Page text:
By Andy Ostmeyer
Globe Business Writer
When the janitor put down his broom to discuss receivables, recession patterns and the need to diversify with the chief executive officer, Jack Stack knew his message was getting through to the employees.
And Stack's message is straightforward: "Teach people business, and when you get them to the point of getting it, it changes everybody's life."
Stack is the president and chief executive officer of Springfield Remanufacturing Co., and a respected business innovator.
His company, which was a sickly engine and parts rebuilder in the mid-1980s, has been selected as one of the top 100 companies to work for in America and, in 2002, he was named one of the "top 10 minds in small business" by Fortune Small Business magazine.
Stack is also the author of a couple of best-selling books, "The Great Game of Business" and "A Stake in the Outcome," and on Wednesday he spoke to Joplin community and business leaders at the Holiday Inn for the fourth Leadership Joplin Symposium.
It turns out the janitor was no ordinary janitor, but rather a burned-out Merrill Lynch stockbroker who needed a no-pressure job for a while. But, Stack said, it goes to show that businesses often do not realize the caliber of people working for them, and it verified the message he has been pushing to get out: "We wanted people to think and act like owners."
Stack told the crowd that when he went to work for International Harvester in the 1960s, it was a time when business was pervaded by a top-down management style, and owners and managers wanted to pump their ideas into the heads and hands of employees. Consequently, jobs were dumbed down and management became top-heavy.
"We ended up with 12 people thinking for the one person doing a job," he said. "We literally drove innovation outside the workplace."
One result was a manufacturing world where it took 14 months to build a car that lasted 12 months, at a time when Japanese companies and other global competitors were eyeing weaknesses in American business in order to ratchet up their own share of the market.
Stack, who moved to Springfield in 1979 as a plant manager for International Harvester, saw his company losing ground. Market share was shrinking, plants were closing and employees were being laid off, and International Harvester owed $6 billion to banks.
Rather than wait for his turn beneath the ax, he and other employees at the plant bought the operation. Stack said he knew how to make gasoline and diesel engines for the automotive and off-highway markets, which is the company's specialty. But the business education was just beginning.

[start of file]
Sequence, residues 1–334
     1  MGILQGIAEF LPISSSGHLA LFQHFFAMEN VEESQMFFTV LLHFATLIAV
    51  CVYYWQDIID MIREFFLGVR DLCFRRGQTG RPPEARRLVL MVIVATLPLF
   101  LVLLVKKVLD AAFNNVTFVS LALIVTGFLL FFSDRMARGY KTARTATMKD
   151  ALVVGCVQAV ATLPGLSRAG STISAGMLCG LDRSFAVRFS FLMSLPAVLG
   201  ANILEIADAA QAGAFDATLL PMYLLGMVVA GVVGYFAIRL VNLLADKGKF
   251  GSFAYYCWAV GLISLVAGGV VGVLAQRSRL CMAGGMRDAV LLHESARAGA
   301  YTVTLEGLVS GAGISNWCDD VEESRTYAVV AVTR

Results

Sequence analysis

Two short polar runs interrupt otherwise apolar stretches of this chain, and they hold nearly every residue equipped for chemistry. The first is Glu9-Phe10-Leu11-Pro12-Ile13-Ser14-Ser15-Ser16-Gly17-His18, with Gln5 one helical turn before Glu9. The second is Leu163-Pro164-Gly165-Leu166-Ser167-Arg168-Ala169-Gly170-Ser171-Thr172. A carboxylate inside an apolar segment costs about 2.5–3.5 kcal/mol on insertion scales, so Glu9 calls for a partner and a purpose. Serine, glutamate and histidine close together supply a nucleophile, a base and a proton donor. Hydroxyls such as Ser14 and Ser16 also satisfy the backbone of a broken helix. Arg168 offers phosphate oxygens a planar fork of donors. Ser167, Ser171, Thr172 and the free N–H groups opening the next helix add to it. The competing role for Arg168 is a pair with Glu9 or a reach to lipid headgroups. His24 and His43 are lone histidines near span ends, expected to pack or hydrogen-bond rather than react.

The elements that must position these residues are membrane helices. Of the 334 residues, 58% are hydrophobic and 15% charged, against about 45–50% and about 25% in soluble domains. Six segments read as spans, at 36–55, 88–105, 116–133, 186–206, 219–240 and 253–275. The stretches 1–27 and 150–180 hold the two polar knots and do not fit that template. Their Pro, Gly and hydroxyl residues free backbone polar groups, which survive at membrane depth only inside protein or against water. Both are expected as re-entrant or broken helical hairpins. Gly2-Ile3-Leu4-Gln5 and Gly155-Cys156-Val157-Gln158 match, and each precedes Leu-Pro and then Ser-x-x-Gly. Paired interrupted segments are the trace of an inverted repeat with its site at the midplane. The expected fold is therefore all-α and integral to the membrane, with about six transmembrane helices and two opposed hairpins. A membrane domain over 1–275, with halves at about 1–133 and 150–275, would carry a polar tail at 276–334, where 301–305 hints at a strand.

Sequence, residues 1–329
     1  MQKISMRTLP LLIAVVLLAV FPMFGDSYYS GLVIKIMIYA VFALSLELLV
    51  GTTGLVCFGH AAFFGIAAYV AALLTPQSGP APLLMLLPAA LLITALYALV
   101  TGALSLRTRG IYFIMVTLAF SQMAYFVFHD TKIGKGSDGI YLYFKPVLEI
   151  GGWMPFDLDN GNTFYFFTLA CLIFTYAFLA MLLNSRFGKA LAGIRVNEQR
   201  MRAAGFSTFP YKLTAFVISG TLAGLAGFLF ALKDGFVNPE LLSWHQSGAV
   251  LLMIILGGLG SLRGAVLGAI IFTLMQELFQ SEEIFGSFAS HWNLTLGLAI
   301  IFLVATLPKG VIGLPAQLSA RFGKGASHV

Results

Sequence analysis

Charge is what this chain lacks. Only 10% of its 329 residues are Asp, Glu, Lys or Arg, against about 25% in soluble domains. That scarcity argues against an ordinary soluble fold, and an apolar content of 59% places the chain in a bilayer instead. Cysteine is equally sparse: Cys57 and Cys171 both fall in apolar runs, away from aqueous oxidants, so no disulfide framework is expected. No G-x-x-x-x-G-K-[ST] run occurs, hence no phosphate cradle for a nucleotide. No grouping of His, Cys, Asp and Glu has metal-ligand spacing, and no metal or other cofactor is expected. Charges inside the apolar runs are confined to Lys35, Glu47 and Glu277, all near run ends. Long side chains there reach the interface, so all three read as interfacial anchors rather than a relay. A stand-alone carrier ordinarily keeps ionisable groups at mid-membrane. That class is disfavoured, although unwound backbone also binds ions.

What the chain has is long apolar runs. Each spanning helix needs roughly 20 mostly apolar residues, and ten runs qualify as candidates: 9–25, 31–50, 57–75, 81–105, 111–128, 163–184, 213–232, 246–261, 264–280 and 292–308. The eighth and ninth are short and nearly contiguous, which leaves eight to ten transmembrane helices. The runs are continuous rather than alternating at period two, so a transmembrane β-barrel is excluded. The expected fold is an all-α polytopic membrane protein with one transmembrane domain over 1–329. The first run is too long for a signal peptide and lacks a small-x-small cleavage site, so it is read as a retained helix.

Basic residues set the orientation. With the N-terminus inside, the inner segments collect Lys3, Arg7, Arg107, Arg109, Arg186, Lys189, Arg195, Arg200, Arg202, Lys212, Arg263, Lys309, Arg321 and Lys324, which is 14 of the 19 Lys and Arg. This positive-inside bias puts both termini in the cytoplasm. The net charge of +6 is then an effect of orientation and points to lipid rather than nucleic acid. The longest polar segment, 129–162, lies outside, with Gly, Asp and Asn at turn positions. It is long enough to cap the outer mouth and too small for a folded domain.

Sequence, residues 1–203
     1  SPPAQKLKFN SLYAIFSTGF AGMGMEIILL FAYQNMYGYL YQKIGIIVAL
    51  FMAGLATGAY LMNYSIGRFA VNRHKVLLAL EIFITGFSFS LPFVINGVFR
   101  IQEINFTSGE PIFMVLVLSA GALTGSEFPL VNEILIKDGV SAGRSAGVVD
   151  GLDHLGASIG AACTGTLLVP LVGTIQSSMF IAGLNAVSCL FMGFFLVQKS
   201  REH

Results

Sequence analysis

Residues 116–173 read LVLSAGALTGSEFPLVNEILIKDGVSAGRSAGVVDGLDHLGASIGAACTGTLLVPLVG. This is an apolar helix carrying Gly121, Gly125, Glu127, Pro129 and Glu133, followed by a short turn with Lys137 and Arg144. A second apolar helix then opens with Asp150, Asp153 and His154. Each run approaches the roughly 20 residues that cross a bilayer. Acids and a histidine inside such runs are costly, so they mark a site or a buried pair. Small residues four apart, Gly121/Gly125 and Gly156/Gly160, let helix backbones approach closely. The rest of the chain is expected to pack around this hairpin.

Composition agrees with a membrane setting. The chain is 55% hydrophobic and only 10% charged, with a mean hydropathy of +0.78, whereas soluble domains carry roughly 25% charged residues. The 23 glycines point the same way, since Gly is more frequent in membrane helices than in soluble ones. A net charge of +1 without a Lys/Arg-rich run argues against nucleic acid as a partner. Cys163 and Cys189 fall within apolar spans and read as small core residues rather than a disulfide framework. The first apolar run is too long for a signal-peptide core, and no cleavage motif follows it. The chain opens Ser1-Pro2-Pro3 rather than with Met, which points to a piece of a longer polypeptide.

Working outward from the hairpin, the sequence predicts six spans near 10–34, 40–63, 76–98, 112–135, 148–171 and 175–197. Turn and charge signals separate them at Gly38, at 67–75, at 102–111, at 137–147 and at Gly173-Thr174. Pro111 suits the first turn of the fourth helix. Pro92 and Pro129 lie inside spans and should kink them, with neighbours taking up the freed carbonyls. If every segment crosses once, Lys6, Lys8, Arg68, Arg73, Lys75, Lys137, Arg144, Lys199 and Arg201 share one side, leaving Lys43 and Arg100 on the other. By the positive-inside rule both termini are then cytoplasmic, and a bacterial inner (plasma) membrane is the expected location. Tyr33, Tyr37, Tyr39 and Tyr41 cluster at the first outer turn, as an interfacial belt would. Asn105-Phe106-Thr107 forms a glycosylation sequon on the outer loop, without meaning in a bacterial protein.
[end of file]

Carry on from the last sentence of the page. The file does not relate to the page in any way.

"Never once did they teach me what it took to make a great company," Stack said. He vowed that if he were successful, "I would teach people what it would take to make a great company."
Eventually, Stack borrowed $8.9 million, with $100,000 down at a rate of 18 percent. "Talk about being stupid - economically illiterate."
He said he had to teach his employees that business was not unlike a game, in that there are rules and scorecards and winning means having a stake in the outcome. It also meant opening the books to his workers.
"We wanted to get people to understand what the game of business is," Stack explained.
All employees, for example, signed off on sales and marketing plans. They all developed their own income and cash flow statements. And they all understood the risk and rewards, and, what's more, their bonuses were tied to company performance.
Before long, ordinary workers were talking to him about inventory turnover, debt-to-equity ratios and other key business components, and that janitor was warning him to prepare for a recession in the truck market that came around every six years on average.
"Everybody has an ownership position," Stack said.
Today, Stack's company has sales of more than $190 million and employs more than 1,000 people. And that original $100,000? It's worth $87 million today, he said.
"This is not about rocket science ... this is just common sense," Stack said.
The next Leadership Joplin Symposium is scheduled for Nov. 25 with Kyle Craig as the featured speaker. Craig has been the president of a multibillion-dollar franchise restaurant chain and the chairman and chief executive officer of one of America's largest casual restaurant companies, and has been involved in a broad spectrum of executive positions in his 25 years of business experience.
By Andy Ostmeyer